Severe Aortic Regurgitation Secondary to Antisynthetase Syndrome
A 47-year-old woman with hypertension and a history of antisynthetase syndrome (ASS) diagnosed in 2002 (positive anti-PL-7 antibodies) and on long-term immunosuppressive therapy was admitted to the hospital in 2008 for worsening chest pain, shortness of breath, hypoxemia, and diffuse muscle weakness. Plain chest radiograph showed bilateral lower-lobe infiltrates and computed tomography confirmed bilateral patchy infiltrates consistent with interstitial lung disease. After being treated aggressively with high-dose immunosuppressive therapy, the patient improved and was discharged home. She was subsequently readmitted a few days later with progressive dyspnea. A transthoracic echocardiogram (TTE) showed moderate to severe aortic regurgitation (Figure 1A; online-only Data Supplement Movie IA and IB) that was not present in a prior TTE performed 4 months before admission (requested to screen for left ventricular hypertrophy; patient was asymptomatic at that time; Figure 1B and online-only Data Supplement Movie IIA and IIB). During the next 4 weeks, the regurgitation became more severe. Systolic pulmonary pressure was estimated at 70 mm Hg (Doppler). Her progressive dyspnea, together with increased left ventricular dimensions in a follow-up TTE prompted aortic valve replacement.
The native aortic valve cusps were described as diffusely edematous and buttery, with no vegetations (Figure 2A). Histopathology showed a mixed inflammatory infiltrate, with lymphocytes and neutrophils, and fragments with extensive acute and chronic inflammation with microabscesses (Figure 2B and C). Tissue culture for microorganisms as well as specific stains for fungi (Grocott Methenamine Silver), bacterial (Gram-Weigert), and acid-fast bacilli were all negative.
The patient was discharged home after recovering from surgery and was doing well 1 year after the operation on continuing immunosuppressive therapy. Attempts to reduce the immunosuppressive therapy (lowest tolerable dose being prednisone, 8 mg/d) resulted in muscle weakness.
As far as we know, there are no reported cases of ASS compromising cardiac valves. Because patients with ASS are prone to developing recurrent pulmonary infiltrates and hemorrhages and sometimes require invasive bronchoscopic procedures, it was decided to replace the native aortic valve with a bioprosthesis. The patient is being followed up periodically (every 6 months) at the Johns Hopkins cardiology outpatient center. So far, she has been asymptomatic, without dyspnea.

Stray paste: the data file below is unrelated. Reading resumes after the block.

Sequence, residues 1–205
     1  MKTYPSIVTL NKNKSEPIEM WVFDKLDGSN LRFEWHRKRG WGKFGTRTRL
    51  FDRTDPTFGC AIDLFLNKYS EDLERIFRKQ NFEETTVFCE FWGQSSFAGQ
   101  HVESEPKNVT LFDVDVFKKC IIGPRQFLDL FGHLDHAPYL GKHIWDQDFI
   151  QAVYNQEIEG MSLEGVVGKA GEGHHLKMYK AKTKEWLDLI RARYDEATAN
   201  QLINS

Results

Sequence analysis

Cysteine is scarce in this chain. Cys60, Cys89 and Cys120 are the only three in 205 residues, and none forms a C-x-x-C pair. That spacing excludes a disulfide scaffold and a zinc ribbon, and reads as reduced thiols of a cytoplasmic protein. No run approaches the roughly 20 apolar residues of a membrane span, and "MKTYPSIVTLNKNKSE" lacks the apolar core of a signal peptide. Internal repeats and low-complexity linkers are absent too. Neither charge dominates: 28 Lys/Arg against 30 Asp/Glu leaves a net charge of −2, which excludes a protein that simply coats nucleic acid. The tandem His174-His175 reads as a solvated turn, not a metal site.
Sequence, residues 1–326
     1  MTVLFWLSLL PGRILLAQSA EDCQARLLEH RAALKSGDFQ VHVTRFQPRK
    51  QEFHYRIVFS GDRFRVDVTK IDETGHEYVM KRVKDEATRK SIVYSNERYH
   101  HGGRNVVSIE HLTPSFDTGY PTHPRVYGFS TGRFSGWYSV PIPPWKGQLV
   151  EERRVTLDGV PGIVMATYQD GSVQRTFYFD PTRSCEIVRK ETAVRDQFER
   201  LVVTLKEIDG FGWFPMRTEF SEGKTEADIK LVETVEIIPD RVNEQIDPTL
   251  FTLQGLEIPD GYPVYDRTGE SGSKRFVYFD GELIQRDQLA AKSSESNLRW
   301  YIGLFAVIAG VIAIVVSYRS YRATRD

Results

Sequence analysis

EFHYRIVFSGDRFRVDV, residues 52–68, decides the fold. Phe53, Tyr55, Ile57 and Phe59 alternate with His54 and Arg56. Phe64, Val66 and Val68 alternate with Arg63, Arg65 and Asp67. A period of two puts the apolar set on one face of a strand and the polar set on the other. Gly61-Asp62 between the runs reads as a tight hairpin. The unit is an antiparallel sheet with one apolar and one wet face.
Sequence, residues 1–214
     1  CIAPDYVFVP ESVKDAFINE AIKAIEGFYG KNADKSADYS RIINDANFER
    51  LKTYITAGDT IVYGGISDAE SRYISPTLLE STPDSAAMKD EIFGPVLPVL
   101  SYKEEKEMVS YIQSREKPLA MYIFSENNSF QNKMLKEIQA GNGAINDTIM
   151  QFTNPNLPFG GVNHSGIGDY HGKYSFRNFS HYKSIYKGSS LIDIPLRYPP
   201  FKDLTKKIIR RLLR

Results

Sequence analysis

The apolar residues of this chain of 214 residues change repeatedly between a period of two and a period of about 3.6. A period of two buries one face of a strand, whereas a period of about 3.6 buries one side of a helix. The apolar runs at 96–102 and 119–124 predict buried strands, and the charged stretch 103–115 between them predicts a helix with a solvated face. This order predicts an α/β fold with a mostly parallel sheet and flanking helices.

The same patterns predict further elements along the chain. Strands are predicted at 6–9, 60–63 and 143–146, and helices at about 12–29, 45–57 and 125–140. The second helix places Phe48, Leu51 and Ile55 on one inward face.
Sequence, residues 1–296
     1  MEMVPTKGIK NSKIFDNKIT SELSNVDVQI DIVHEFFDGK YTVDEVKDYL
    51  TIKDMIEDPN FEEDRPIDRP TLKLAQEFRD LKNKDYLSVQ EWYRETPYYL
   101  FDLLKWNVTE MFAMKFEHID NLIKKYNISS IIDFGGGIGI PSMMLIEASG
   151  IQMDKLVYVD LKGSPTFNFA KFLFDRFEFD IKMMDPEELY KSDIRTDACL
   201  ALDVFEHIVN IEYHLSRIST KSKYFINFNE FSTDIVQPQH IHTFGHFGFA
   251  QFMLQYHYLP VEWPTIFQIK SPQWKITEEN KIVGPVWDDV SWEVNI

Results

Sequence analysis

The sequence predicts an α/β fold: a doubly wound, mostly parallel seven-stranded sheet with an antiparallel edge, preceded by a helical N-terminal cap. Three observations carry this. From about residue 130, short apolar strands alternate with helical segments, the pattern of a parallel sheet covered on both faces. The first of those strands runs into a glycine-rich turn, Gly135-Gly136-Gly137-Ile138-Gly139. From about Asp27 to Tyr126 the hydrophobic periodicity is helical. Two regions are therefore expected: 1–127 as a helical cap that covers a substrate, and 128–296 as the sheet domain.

Antisynthetase syndrome is a connective tissue autoimmune disorder, classically characterized by interstitial lung disease, myositis, polyarthritis, fever, Raynaud phenomenon, and thick cracked skin on the fingers (mechanic's hands) in the presence of an antisynthetase autoantibody, most commonly anti-Jo-1.1,2
Other, less common antibodies in the antiaminoacyl-tRNA synthetase group include anti-PL-7 (the present case), anti-PL-12, anti-EJ, anti- OJ, anti-KS, anti-YRS, and anti-Zo.1 The aminoacyl-tRNA synthetases are cytoplasmic enzymes that catalyze the binding of amino acids to their corresponding tRNAs, and thus play a role in protein synthesis by recognizing a specific amino acid and enabling correct sequencing within the polypeptide chain. Autoantibodies against the various synthetases lead to idiopathic inflammatory myopathies. Each anti-aminoacyl-tRNA synthetase antibody is associated with a unique clinical syndrome and falls under the umbrella characterization of ASS.
The most common manifestation of ASS is interstitial lung disease, which occurs in >70% of patients in most series.1,2 Approximately 5% to 8% of cases of ASS manifest as overlap syndromes with other connective tissue diseases, including rheumatoid arthritis, lupus, scleroderma, and Sjögren syndrome.1 Cardiac involvement in the idiopathic inflammatory myopathies includes isolated electrocardiographic changes such as nonspecific ST changes and conduction abnormalities, coronary vasculitis, ischemic abnormalities, heart failure, myocarditis, and pericarditis.1,2 Cardiac involvement in ASS is extremely rare. We present a case of ASS involving a cardiac valve during a disease flare in a patient with anti-PL 7 antibodies. To our knowledge, this represents the first reported case of severe aortic regurgitation occurring in the setting of an ASS flare.
The online-only Data Supplement is available with this article at http://circ.ahajournals.org/cgi/content/full/124/3/e40/DC1.
- © 2011 American Heart Association, Inc.